My name is LARRY VINCENT. I'm a writer, speaker, photographer and lovable nerd based in Los Angeles. When I'm not writing here about things that inspire me, I look after The Brand Studio at United Talent Agency.
In Defense of Super Bowl Advertising … when executed correctly
There isn’t a bigger forum for television advertising than the Super Bowl. It was once Carnegie Hall and the Grand Ole Opry rolled into one—a place for brands and their agencies to raise the stakes and entertain the largest television audience in the world. Some of the most memorable advertisements of all time debuted on a Super Bowl broadcast. So, why was 2013 so lackluster?
Let’s roll back the clock about a dozen years. 2000’s Super Bowl XXXIV is a great case study year—one that set the stage for what ills us now. Just a few months before the dot-com boom would crash, 2000 would go down as a year when advertisers clearly went “over the top.” Flush with cash from a hot economy and an insane startup mentality, agencies convinced their clients to go big or go home. Budweiser unveiled “Wassup,” 7-Up asked us to “Show Us Your Can”, and a bevy of .com companies that aren’t with us today proved just how irreverent they could be thanks to work done by a lot of disruptive advertising agencies who are also not with us today. It led many critics to decry the blatant waste of media dollars and argue that advertisers needed to tone down the frenzy. In truth, it was pretty crazy.
Shortly after the money fell out, CFOs ordered CMOs to practice austerity. Meanwhile, digital marketing truly began its ascendence. The rise of highly measurable media like search advertising spooked many. A 2004 cover of Ad Age depicted “The Coming Apocalypse” — the death of television advertising as we know it. People kept waiting for the bottom to fall out of the ad market. Instead, spending continued to rise. Sure, the amount allocated to digital grew, but advertisers still pumped money into television. But television advertising did change. A lot.
There’s a constant debate in the C-Suite: spend on brand or spend on demand? To hear the arguments that unfold you’d think the two ideas were mutually exclusive. We operate in an environment now where many brands think it is foolish to spend any money on brand advertising. Every ad must have a clear return on investment. There’s nothing wrong with ROI, but sometimes a brand’s return pays out over a long period of time. Sometimes, the story a brand chooses to tell in its advertising cues a narrative in the consumer’s head. Perhaps it aligns the brand with a set of values, a worldview, a lifestyle. These links rest in the recesses of the consumer’s mind biding their time. Do they drive consumers immediately to a store or a website? Maybe not. But they are far more memorable over time than messages touting a low APR or a 30% off sale. The truth is, all ads aren’t created equal. Sometimes an ad can drive an impulse, and that is indeed money well spent. But other times the ad drives an alignment; it invests in an emotional bank account that keeps the consumer inclined to favor your brand in times of indecision or doubt. These ads charge the brand with emotion, with self-identity, with aspiration. As long as you don’t screw it up, the equity you create with these ads manifests when you need it most.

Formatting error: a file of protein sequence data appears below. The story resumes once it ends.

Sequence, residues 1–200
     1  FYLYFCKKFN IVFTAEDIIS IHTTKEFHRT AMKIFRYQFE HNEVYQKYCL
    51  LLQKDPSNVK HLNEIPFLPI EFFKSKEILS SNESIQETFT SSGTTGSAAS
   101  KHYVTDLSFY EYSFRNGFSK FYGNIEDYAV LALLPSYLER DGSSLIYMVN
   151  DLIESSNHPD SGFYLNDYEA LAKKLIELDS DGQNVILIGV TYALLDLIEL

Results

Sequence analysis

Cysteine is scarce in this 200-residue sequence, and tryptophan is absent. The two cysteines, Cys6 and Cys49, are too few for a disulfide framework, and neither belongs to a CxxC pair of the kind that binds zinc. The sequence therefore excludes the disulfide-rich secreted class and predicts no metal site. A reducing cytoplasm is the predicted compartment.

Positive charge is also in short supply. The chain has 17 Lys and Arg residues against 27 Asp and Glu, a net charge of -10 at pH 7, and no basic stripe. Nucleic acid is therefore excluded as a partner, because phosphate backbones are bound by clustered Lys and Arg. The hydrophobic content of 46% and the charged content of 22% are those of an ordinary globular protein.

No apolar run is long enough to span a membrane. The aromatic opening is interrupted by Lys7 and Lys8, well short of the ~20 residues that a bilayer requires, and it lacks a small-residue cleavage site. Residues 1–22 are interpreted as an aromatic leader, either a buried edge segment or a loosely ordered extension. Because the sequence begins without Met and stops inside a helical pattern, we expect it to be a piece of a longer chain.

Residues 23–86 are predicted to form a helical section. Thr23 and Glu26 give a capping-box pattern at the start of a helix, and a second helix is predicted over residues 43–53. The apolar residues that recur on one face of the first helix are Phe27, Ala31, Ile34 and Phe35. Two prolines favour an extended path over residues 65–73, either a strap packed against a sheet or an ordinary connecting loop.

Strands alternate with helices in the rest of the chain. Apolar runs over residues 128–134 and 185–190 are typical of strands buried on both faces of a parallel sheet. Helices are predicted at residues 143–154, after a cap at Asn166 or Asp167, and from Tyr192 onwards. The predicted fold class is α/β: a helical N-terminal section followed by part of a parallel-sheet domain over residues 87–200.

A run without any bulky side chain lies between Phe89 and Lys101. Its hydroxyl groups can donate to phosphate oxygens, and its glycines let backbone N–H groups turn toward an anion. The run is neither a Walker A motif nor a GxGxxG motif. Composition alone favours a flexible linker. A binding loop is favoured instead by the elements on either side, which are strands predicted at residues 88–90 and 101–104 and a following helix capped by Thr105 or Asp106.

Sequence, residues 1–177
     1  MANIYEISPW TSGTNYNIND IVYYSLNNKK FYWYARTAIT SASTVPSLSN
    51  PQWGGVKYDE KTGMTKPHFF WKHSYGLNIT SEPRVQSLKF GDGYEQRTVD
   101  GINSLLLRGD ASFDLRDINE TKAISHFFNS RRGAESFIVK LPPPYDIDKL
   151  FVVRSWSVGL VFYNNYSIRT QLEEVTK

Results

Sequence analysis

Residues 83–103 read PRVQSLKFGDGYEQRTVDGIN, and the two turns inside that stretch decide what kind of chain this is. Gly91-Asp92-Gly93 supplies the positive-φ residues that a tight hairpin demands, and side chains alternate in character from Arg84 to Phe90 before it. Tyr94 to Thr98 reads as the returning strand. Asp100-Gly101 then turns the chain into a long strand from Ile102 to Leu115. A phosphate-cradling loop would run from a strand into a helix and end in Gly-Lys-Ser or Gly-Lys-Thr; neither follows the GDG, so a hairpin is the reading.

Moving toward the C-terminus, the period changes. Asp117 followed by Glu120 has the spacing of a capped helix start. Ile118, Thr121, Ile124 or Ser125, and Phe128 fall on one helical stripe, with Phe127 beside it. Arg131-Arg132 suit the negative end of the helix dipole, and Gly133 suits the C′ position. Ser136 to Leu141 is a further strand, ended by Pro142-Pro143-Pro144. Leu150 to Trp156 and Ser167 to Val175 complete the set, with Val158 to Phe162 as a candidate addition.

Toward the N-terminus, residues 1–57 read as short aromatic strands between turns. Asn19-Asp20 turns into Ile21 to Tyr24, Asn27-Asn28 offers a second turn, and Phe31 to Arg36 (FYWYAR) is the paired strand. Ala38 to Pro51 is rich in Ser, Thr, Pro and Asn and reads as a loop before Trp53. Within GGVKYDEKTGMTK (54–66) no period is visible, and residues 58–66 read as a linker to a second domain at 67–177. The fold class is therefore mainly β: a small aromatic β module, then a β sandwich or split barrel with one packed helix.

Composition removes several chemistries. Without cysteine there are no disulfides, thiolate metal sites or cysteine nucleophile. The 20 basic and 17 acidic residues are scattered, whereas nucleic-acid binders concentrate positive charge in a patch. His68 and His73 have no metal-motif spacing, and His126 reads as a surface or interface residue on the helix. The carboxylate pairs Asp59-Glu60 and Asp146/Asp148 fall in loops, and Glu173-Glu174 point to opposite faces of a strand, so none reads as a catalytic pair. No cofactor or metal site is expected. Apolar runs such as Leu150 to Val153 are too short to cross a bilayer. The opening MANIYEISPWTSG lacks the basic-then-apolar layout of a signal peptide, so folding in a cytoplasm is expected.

Let’s get back to the Super Bowl. It’s a big investment. And, it’s a media event. Unlike most television advertisements that are prone to being skipped over on a DVR, these ads run during a live event and they are a true spectator sport in their own right. Some people tune in to the big game just to watch the ads. If ever there was a platform to tell a story, this is it. Yet, watching this year’s crop of advertisements, storytelling was in short supply. We were served up gimmicks or offers. We weren’t served up meaningful brand narratives. The notable exceptions were spots like Jeep’s emotional cause-related tie with the USO, Oreo’s fanciful play on librarian culture, and Taco Bell’s adaptation of night culture to the senior set.
The short version: if you’re lucky enough to have the budget to buy a Super Bowl ad, realize that it’s a unique animal. It works best when you make it moving and memorable. Forget the gimmicks and fancy formulas. Make your ad such a great story that people can’t get it out of their heads the next day. Make it something they share with friends on Facebook and talk about over lunch. Flank it with offer-related advertising in the days that follow. Deploy social media, direct marketing and bring it to life at key experiential touch points. But make the Super Bowl ad a spectacular story. Because the story is the story.
When my daughter Jordan was diagnosed with a rare brain tumor in 2003, our whole family began a journey that has led us through many unexpected twists and turns. I write about this ongoing adventure and the girl that is my muse here.